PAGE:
• Different Concerns
  • TT
  • long-term
  • commitment
  • quantitative relation core/periphery
  • TA, RA, sessionals
  • flexibility

Germanic Concerns

  • Qualitative structure of core
    • Some doctoral students = 'core‘
  • Qualitative relations within core
    • cleavage, steep hierarchy
    • below pofessoriate: no commitment, success not projectable, uncalculable
    • extreme 'risk career'

Thanks for your Attention

Further Reading

  • Ben-David, J. (1991). 'The Profession of Science and Its Powers'. In: Scientific Growth. Essays on the Social Organization and Ethos of Science (pp. 187-209). Berkeley: University of California Press.
  •  Busch, A. (1963). The Vicissitudes of the "Privatdozent": Breakdown and Adaptation in the Recruitment of the German University Teacher, Minerva, Vol. 1, pp.319-341
  • Clark, W. (2006). Academic Charisma and the Origin of the Research University. Chicago: University of Chicago Press.
  • Kreckel, R. (Hg) (2008): Zwischen Promotion und Professur. Das wissenschaftliche Personal in Deutschland im Vergleich mit Frankreich, Großbritannien, USA, Schweden, den Niederlanden, Österreich und der Schweiz. Leipzig: Akademische Verlagsanstalt.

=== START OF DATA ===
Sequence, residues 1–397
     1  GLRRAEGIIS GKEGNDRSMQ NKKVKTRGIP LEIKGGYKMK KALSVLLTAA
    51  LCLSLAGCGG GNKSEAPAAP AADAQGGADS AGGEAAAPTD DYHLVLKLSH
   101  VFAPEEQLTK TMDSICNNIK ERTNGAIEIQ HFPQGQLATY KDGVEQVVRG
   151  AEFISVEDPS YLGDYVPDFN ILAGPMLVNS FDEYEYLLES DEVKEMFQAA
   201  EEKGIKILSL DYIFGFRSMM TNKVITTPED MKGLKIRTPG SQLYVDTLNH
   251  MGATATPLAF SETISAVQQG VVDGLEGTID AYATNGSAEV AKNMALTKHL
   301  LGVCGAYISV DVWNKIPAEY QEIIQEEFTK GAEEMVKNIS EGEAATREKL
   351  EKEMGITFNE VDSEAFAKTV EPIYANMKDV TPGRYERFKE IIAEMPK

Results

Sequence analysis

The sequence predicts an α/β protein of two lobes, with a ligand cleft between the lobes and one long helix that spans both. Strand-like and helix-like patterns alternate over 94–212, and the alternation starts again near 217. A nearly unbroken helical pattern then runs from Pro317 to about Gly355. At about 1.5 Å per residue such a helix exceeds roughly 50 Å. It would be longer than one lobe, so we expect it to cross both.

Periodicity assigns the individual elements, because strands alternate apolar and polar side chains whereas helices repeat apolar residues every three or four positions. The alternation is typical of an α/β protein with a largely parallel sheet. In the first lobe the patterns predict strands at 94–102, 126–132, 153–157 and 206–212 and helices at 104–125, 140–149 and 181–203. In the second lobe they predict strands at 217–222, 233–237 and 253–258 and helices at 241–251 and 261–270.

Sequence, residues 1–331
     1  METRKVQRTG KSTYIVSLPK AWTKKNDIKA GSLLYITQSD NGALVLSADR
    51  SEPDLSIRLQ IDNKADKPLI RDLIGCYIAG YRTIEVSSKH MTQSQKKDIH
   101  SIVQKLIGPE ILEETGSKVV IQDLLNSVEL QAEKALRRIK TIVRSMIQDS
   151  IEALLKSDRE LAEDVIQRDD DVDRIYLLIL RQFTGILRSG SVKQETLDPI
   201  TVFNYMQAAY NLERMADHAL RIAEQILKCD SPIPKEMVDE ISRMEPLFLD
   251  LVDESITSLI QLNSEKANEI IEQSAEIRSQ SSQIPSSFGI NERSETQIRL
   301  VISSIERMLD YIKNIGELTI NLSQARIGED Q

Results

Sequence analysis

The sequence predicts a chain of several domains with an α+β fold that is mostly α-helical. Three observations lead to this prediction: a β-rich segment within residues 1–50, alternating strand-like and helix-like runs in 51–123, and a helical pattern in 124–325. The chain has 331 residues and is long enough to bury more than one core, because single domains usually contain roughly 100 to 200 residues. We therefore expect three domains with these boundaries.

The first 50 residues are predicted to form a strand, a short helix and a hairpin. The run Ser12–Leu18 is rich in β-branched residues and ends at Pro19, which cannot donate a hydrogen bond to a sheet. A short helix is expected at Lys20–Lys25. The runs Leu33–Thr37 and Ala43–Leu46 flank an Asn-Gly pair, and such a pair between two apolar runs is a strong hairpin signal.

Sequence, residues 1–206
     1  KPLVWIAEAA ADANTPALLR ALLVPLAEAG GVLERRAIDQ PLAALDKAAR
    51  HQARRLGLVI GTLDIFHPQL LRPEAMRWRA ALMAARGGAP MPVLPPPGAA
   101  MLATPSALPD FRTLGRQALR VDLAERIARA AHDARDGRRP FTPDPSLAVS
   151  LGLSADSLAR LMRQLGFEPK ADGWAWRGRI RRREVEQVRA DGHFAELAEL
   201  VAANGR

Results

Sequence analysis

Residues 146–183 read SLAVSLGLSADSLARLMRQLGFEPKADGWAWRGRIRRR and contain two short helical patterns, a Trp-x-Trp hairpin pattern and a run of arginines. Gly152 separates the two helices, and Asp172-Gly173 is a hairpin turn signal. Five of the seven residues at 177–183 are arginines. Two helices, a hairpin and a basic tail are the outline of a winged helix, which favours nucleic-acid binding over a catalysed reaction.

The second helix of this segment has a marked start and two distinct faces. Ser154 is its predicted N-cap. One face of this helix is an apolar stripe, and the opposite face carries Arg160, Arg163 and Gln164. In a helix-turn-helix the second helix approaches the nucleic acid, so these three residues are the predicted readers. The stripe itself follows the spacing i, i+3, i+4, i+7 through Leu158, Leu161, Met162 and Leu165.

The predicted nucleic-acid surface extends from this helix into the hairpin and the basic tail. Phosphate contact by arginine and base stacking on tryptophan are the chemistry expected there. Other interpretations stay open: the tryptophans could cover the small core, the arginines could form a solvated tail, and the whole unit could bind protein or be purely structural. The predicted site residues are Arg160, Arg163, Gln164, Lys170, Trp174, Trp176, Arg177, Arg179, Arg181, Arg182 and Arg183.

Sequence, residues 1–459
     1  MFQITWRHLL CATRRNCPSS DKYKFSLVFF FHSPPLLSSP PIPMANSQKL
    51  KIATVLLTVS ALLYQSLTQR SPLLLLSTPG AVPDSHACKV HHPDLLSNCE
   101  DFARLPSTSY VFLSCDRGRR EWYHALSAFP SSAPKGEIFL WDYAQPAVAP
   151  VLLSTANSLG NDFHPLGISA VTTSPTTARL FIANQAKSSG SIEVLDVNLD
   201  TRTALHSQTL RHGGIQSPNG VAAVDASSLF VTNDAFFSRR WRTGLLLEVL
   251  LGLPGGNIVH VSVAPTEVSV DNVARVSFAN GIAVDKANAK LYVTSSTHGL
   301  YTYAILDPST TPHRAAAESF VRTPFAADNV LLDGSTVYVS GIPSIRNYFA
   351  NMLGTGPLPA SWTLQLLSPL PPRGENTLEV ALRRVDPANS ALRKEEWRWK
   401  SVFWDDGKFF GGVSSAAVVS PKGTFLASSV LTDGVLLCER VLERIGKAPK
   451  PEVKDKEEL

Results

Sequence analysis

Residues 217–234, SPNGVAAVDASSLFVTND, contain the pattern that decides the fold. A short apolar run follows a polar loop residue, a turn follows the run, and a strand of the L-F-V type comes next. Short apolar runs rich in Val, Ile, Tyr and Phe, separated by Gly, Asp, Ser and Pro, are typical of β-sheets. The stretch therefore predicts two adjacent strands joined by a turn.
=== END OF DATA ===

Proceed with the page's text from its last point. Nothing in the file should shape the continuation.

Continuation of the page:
•  Metzger, W. P. (1987). 'Academic Profession in United States'. In B. R. Clark (Ed.), The academic profession: National, disciplinary, and institutional settings (pp. 123-208) Berkeley, CA: University of California Press.
  • Neave, G. & Rhoades, G. (1987). 'The academic estate in Western Europe'. In B. R. Clark (Ed.), The academic profession: National, disciplinary, and institutional settings (pp. 211-270) Berkeley, CA: University of California Press.
  • Schimank, U. (2006). Unsolved problems and inadequate solutions: The situation of academic staff in German higher education. In J. J. F. Forest & P. G. Altbach (Eds.), International handbook of higher education (pp. 115-136). Dordrecht, NL: Springer.
  • Schmeiser, M. (1994). Akademischer Hasard. Das Berufsschicksal des Professors und das Schicksal der deutschen Universität 1870 - 1920. Stuttgart: Klett.